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Peterson Statement at the House Agriculture Committee Business Meeting to Consider the Letter on Budget Views and Estimates

Washington, DC, February 27, 2019

We’re here today to consider the Committee’s budget views and estimates for fiscal year 2020 as required by the Congressional Budget Act and in compliance with House Rules.

[as prepared for delivery]

We’re here today to consider the Committee’s budget views and estimates for fiscal year 2020 as required by the Congressional Budget Act and in compliance with House Rules.

It’s no surprise the priorities laid out in this letter line up with the priorities of the 2018 Farm Bill. USDA is ramping up the process of implementation—which we’ll hear about later this morning—and our funding priorities focus on putting those programs we designed to help farmers, rural communities and working families into place as quickly and efficiently as possible.

The 2018 farm bill is a fiscally responsible bill we are proud to say will help the people it’s supposed to. It spends no new money. We streamlined some programs and found administrative efficiencies in others. As the economy improves, the price tag on the SNAP program decreases. We created new programs to help struggling dairy farmers. We invested in the next generation of farmers and ranchers, including farmers of color and returning veterans. We legalized industrial hemp and boosted support for local and organic foods. We invested in animal health measures, rural broadband expansion and tools to combat opioid addiction in rural communities.

The result is an overwhelmingly bipartisan success. 369 members of the House voted for the Farm Bill. That’s far, far more than have voted for any farm bill in history, and I hope it makes clear to all who are listening that these are priorities with strong support among both parties, across growing regions and crops, and in communities big and small nationwide. It’s also my hope such a bipartisan vote will set the tone for what we do here. Our work on this Committee is going to be bipartisan. Our challenges demand it.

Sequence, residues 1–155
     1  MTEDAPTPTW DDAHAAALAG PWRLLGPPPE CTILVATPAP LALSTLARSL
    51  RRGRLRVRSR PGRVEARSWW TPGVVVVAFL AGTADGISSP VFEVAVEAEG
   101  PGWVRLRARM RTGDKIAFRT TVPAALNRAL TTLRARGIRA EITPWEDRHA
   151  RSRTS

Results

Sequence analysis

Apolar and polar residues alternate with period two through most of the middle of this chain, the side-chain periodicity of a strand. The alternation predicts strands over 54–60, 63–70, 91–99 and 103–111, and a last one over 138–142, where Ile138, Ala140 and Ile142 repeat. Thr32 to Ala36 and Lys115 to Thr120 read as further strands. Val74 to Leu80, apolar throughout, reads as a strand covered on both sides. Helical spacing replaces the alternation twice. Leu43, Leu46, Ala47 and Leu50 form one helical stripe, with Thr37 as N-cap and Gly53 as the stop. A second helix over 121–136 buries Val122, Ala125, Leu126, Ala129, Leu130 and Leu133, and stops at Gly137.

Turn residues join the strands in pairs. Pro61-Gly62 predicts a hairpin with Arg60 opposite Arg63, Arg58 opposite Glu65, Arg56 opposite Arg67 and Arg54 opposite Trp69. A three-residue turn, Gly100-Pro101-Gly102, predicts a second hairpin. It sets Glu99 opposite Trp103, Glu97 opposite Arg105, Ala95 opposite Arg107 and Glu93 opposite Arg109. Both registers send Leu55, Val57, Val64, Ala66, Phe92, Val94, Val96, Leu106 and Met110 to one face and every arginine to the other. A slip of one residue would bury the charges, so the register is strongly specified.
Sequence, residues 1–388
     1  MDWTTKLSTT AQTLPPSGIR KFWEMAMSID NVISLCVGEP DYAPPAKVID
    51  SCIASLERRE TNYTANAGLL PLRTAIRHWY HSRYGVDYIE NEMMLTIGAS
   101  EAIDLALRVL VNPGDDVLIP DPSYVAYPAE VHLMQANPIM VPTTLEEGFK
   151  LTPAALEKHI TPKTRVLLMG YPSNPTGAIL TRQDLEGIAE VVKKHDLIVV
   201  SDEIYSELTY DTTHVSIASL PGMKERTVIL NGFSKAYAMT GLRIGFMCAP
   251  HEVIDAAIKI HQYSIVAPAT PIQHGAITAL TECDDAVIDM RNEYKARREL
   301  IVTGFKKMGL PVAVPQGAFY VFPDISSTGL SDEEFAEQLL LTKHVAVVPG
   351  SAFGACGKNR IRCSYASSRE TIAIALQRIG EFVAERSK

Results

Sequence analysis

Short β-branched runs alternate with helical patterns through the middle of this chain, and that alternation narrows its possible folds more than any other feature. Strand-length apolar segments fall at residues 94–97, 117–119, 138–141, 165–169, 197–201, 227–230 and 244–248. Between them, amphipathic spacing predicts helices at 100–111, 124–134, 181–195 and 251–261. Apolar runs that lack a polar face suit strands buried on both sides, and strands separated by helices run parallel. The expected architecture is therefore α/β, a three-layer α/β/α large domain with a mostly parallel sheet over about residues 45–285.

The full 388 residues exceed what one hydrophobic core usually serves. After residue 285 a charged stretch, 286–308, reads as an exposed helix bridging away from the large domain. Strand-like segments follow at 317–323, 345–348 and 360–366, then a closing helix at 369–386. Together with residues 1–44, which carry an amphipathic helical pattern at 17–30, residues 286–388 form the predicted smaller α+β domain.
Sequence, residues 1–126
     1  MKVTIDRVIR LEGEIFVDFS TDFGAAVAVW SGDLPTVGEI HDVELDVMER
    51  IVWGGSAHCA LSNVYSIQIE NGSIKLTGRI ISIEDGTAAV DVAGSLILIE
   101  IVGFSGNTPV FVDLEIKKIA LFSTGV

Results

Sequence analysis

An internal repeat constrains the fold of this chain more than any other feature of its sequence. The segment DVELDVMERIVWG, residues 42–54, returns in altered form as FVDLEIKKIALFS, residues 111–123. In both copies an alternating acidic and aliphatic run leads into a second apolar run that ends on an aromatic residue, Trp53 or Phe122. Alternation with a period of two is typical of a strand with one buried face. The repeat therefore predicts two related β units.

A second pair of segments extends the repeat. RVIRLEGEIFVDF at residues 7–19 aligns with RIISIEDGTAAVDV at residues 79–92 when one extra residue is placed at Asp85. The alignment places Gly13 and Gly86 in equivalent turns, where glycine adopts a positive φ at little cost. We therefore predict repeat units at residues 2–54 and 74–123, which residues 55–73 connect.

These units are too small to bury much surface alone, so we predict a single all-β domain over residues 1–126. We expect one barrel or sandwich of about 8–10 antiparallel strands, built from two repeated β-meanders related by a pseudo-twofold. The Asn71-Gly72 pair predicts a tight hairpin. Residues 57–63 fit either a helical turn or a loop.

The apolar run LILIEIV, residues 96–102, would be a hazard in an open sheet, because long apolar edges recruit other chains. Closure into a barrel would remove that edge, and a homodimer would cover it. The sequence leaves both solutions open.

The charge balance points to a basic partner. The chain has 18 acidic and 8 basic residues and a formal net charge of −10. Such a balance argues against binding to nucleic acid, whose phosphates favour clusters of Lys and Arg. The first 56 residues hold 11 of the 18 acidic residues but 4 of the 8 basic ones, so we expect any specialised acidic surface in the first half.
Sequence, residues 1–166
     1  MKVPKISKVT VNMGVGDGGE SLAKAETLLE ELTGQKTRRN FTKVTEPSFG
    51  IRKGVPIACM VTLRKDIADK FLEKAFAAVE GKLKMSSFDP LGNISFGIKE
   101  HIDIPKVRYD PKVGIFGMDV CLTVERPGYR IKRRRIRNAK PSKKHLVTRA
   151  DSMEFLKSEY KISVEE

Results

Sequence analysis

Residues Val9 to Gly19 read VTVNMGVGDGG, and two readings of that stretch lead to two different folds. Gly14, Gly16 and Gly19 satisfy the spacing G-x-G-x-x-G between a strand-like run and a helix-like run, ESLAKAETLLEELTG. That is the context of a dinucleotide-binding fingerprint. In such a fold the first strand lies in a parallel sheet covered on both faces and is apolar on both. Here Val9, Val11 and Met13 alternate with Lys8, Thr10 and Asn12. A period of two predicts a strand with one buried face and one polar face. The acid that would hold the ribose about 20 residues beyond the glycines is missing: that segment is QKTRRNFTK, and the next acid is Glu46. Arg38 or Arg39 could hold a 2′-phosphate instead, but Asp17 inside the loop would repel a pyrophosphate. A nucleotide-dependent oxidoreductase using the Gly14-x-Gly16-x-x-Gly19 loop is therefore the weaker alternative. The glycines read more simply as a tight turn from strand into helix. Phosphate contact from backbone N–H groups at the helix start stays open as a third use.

Among the largest of those challenges is what confronts our farmers and ranchers right now. The situation for producers I fear will get worse before it gets better. Between the already-strong economic headwinds, unreliable trade policy, tighter access to credit, unpredictable markets and volatile weather, it is imperative we work together to address these issues in a way that earns the confidence of farmers and ranchers, and continues to responsibly steward taxpayer dollars.
And with that I recognize the distinguished ranking member from Texas for any remarks he would like to make.

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